"There is also the question of exactly how much racism enters into Lovecraft’s fiction. Baxter maintains that it is central. Another reviewer of the Klinger book—John Gray, writing in the New Republic—offers a different opinion: “Fortunately, the core of his work has nothing to do with his social and racial resentments.” I am inclined to agree with Gray. Such things as atheism, devotion to science, and love of the past are all far more central to both his philosophy and to his fiction than racism."
"The upshot of all this is that Lovecraft developed, in the course of a relatively short career spanning less than twenty years, a highly coherent aesthetic of the weird and developed a prose style that he believed was appropriate to its expression. Whatever one may think of Lovecraft’s prose, I would suggest to Mr. Baxter that he be a little less intolerant when assessing work that doesn’t accord with his own presuppositions."
I've just picked up a gorgeous edition of Russian author Nikolai Gogol's The Collected Stories, published by the Folio Society and illustrated by Peter Stuart. I'm always impressed with Folio Society publications, but with this one they seem to have out done themselves.
My only complaint is that they use the old Constance Garnet translation. A good article on her various flaws as a translater can be found at the New Yorker. It would have been marvelous if the Folio Society had comissioned a new translation from that genius team: Richard Pevear and Larissa Volokhonsky, who have completed changed our notion of Russian writers like Tolstoy, Dostoevesky and Bulgakov.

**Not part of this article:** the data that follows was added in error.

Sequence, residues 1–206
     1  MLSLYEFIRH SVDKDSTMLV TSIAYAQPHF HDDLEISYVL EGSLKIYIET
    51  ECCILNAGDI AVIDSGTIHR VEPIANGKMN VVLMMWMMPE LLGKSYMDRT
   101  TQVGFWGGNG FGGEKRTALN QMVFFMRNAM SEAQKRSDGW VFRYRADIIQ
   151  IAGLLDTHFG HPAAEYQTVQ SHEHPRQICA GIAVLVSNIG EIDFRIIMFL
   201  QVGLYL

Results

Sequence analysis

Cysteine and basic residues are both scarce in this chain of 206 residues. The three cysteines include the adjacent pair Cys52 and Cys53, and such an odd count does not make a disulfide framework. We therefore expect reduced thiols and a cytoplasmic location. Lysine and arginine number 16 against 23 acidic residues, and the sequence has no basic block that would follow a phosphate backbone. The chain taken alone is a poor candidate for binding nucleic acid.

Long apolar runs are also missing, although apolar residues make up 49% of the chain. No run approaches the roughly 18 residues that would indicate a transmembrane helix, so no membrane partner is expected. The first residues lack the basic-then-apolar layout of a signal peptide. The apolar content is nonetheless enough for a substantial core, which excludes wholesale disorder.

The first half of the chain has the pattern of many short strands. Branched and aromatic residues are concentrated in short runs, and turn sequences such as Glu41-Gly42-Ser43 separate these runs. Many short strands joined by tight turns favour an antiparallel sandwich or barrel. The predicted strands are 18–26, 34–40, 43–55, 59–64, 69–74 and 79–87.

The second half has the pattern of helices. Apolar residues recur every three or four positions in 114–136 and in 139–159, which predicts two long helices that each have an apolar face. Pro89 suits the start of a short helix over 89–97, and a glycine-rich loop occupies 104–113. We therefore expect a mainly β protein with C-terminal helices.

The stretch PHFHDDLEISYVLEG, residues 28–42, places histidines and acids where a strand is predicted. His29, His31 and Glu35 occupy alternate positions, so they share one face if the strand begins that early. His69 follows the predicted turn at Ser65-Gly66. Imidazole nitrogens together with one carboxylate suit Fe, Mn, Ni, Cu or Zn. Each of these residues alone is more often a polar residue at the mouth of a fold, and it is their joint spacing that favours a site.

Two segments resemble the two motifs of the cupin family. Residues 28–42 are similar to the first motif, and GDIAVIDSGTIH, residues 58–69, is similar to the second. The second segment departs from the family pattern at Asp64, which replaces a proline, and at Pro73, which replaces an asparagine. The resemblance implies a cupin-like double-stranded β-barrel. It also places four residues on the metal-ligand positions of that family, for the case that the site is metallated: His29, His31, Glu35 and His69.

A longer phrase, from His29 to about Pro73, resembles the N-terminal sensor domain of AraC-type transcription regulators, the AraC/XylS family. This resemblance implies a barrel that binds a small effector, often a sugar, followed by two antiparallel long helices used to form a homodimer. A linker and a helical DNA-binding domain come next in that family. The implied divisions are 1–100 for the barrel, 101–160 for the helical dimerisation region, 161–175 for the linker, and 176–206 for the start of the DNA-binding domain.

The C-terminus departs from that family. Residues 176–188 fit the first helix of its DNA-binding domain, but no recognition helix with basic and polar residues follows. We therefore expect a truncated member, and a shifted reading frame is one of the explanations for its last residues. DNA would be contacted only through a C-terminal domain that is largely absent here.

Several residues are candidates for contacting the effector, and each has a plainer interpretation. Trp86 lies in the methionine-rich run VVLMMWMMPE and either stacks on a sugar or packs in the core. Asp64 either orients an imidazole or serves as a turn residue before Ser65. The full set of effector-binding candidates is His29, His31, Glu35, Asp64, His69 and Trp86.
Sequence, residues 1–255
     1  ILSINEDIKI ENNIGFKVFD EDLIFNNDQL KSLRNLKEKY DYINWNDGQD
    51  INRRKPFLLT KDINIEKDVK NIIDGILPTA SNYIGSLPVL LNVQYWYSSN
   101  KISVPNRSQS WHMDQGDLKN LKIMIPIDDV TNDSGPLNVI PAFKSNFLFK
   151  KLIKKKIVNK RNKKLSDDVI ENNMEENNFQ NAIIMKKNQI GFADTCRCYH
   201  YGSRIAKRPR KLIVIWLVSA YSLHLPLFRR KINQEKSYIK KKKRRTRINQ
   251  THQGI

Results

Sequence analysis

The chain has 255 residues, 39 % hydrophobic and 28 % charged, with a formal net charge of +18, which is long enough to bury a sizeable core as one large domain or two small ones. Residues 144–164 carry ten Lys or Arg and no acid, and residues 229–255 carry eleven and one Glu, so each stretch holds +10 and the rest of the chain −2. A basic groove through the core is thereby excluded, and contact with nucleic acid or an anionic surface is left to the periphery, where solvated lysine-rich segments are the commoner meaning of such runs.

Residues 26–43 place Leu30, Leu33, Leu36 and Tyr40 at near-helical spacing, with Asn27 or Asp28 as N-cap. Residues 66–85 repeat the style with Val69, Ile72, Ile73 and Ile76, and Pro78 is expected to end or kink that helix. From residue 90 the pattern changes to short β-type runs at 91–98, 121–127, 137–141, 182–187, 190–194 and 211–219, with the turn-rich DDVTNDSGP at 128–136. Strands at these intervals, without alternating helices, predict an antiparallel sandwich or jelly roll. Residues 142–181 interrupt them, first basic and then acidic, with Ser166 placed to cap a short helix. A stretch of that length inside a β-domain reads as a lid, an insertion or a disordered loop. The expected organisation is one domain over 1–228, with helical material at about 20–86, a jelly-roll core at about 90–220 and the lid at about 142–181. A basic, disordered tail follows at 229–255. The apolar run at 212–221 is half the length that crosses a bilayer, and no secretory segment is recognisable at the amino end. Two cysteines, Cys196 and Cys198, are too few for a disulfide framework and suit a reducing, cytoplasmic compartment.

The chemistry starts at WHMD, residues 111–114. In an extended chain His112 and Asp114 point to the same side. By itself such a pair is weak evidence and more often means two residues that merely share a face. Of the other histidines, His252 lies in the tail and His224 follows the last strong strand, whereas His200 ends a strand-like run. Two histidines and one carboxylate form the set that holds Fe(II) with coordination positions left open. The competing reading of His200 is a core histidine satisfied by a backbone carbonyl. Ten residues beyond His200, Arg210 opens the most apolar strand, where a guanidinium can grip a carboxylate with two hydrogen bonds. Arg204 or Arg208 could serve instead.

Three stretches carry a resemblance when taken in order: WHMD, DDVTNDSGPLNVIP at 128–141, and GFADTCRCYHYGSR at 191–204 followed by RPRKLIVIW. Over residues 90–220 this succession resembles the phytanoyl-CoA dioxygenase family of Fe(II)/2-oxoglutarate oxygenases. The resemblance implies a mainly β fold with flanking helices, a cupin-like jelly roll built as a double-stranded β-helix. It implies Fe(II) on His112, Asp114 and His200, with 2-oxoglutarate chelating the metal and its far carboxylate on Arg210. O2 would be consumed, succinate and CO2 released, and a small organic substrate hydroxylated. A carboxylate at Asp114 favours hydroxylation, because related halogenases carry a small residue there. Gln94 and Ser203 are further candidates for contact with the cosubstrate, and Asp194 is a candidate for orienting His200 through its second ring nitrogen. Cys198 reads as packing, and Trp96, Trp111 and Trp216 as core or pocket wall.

In any event, the Garnet translation is certainly readable, so it's not a deal breaker. Where the Folio Society have scored is in choosing Peter Stuart to illustrate the volume. Amazing work by a remarkable artist. Here are some examples of his illustrations from Gogol's The Collected Stories:
Peter has also illustrated several other books for the Folio Society, most notably Bulgakov's The Master and Margarita, Swift's Gulliver's Travels and Robertson Davie's The Deptford Trilogy. For more of this brilliant animator's work, try is website peterstuart.com.